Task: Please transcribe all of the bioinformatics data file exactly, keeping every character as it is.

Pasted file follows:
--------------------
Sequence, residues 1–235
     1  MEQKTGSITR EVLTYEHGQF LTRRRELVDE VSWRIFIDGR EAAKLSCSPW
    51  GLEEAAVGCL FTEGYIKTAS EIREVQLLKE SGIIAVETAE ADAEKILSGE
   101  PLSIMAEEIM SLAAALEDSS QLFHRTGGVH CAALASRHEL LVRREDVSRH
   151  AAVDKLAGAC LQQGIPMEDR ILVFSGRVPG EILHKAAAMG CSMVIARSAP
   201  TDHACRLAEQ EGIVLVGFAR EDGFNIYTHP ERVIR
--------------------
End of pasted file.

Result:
Sequence, residues 1–235
     1  MEQKTGSITR EVLTYEHGQF LTRRRELVDE VSWRIFIDGR EAAKLSCSPW
    51  GLEEAAVGCL FTEGYIKTAS EIREVQLLKE SGIIAVETAE ADAEKILSGE
   101  PLSIMAEEIM SLAAALEDSS QLFHRTGGVH CAALASRHEL LVRREDVSRH
   151  AAVDKLAGAC LQQGIPMEDR ILVFSGRVPG EILHKAAAMG CSMVIARSAP
   201  TDHACRLAEQ EGIVLVGFAR EDGFNIYTHP ERVIR